The job goes bad fast. Blanche and the Driver get away with the money, but Standard is killed at the scene. Also, they end up stealing about $960,000 more than expected, but the news reports that the robbery was unsuccessful. The Driver gets intimidating and rough with Blanche fast, reminding the audience that no matter how helpful he is when his attractive neighbors have car trouble, this is an unrepentantly violent man. Blanche confesses that she and some goon were in on a double-cross, although she didn’t think anyone was supposed to die. Shortly thereafter, Blanche gets her head blown off.


It’s a good, shocking scene, and I don’t mind that Blanche dies, but I was hopeful that Christina Hendricks would have a little more to do, especially because she and the entirely boring Irene are the only female characters in this whole movie. If you read my reviews with any regularity, it’s possible that you’re tired of hearing me complain about this, but I’ve got to tell you, you’re probably not as tired as I am of writing about it. I’m exhausted of this bullshit male-to-female ratio in action, science fiction, fantasy, mystery, and horror stories. These are my favorite genres. It would be neat to find some representation in them. (And if that’s how I feel as a white woman, that must go, like, quadruple for women of color.)

Okay. The Driver is wounded but escapes and eventually finds out that Nino (Ron Perlman) is behind the setup. He tries to return the money to Nino, but Nino would rather just kill him, given the opportunity. And after the Driver’s buddy, Shannon (Bryan Cranston), makes the well-meaning but ultimately pretty stupid decision to tell Nino who the Driver is, Nino hires a guy to do just do that. Of course, the Driver kills the guy, but now everybody is in danger, including Shannon. Nino’s partner, Bernie (Albert Brooks), is the one who kills him.

shannon death1

This isn’t particularly surprising because Shannon had “Dead Meat” written on his forehead from pretty much the second he showed up on screen, but it’s also especially not nice because Shannon and Bernie go back a ways, could even be considered friends. They’re shaking hands when Bernie slices deep up Shannon’s arm, severing the hell out of his arteries. “Don’t worry,” Bernie says immediately after doing this. “Don’t worry. That’s it. It’s done. There’s no pain. It’s over, it’s over.” Like most of the violent moments in this movie, it’s a pretty great scene.

The Suddenly-Less-Romantic Elevator scene is another good one.

Sometimes, I’m critical of female characters who are like, “Oh noes, my man killed someone for totally justifiable reasons, IT’S LIKE I NEVER EVEN KNEW HIM,” but here, I feel that stepping out of the elevator was a pretty appropriate reaction. In fact, this is probably the closest I come to actually liking Irene.

After finding Shannon dead, The Driver kills Nino by ramming his car off a cliff and shortly thereafter drowning him in the ocean. (I still maintain that the scene right before, where the Driver’s standing outside Nino’s restaurant watching him, is one of the creepiest things I’ve seen all year.) He then calls up Bertie and alludes to the story of the scorpion and the frog, which immediately made me groan because I’m so tired of hearing people recite that story. I mean, it’s a decent fable and all, and I understand why it’s popular, but I’m so damn tired of hearing it.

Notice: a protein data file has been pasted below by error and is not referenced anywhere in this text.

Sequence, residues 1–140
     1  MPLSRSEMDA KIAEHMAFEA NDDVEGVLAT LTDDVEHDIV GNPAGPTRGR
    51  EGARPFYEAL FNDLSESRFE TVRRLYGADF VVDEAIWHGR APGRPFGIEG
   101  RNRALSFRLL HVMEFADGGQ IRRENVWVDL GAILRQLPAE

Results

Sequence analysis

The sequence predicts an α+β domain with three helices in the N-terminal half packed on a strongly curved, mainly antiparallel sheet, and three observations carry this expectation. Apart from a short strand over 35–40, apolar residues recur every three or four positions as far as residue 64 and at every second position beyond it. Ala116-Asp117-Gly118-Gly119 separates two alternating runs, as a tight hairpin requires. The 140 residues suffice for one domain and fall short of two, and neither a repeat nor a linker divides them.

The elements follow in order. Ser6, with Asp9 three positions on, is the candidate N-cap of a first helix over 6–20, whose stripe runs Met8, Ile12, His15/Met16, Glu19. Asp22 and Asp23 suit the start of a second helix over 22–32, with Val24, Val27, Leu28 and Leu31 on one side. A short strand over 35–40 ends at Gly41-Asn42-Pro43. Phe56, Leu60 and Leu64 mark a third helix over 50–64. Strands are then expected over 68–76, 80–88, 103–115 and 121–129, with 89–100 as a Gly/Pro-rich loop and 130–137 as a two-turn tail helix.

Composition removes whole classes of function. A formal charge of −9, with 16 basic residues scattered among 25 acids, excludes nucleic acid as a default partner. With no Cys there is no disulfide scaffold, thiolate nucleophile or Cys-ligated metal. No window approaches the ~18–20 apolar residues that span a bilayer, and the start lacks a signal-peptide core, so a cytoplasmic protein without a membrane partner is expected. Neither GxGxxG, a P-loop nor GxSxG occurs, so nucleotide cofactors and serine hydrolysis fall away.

So I was deeply and pleasantly surprised when the Driver didn’t proceed to tell the entire story for the audience members who haven’t heard it before. (Sorry, dudes. But Google will help you out.) The one-line allusion quickly became my favorite quote in the whole movie. (The fact that the Driver is wearing a jacket with a scorpion on his back is also a nice touch.)

The Driver and Bertie set up a dinner meeting, and I really like how the scene plays out. It’s like a less sexy, more violent version of That One Scene Everyone Remembers from Out of Sight. Their negotiation of sorts is intercut with scenes of the Driver handing Bertie the money outside the restaurant. Bertie immediately stabs the Driver with one of his carefully cleaned knives, but doesn’t do a good enough job of it because the Driver stabs Bertie right back. The Driver has better aim, and he leaves Bertie dead on the ground, next to his money.

The movie ends with Irene knocking on the Driver’s door to no answer, and the Driver (presumably still bleeding) driving away to destinations unknown. It’s a fine ending as far as endings go — I think I’m glad the two don’t get together — but once the movie was over, my immediate reaction was, Okay, so, what’s next?

It’s possible I might like this movie more on repeat viewings, especially because the more I think about the film, the more I like specific moments and scenes, but as a whole, I can’t shake the thought that the story is lacking something, and as of right now, I continue to feel a little disappointed with it.


Driver: “You know the story about the scorpion and the frog? Your friend Nino didn’t make it across the river.”

Shannon: “A lot of guys mess around with married women, but you’re the only one I know who robs a joint just to pay back the husband.”

Standard: “Do you want to hear about how Mommy and me met?”
Benicio: “Yeah.”
Standard: “Yeah? Okay. We were at a party, and she was nineteen years old.”
Irene: “Seventeen.”
Standard: “You weren’t seventeen.”
Irene: “I was.”
Standard: “Wow. So it was illegal. All right. So I illegally walked over to a seventeen-year-old girl.”

(Bernie sticks his hand out to shake. Driver does not shake it — in a nice bit of foreshadow I forgot to mention before)
Driver: “My hands are a little dirty.”
Bernie: “So are mine.”


Stylistic and enjoyable, but not quite as Fist Pump Awesome as I’d hoped it would be.


Ryan Gosling




Never try to explain to the bad guys that your friend has their money, particularly if the bad guys didn’t even know that you or your friend were involved. You’re trying to sell them on your buddy’s good intentions, which is all very noble, but bad guys don’t care about good intentions, and such a call can only lead to your demise.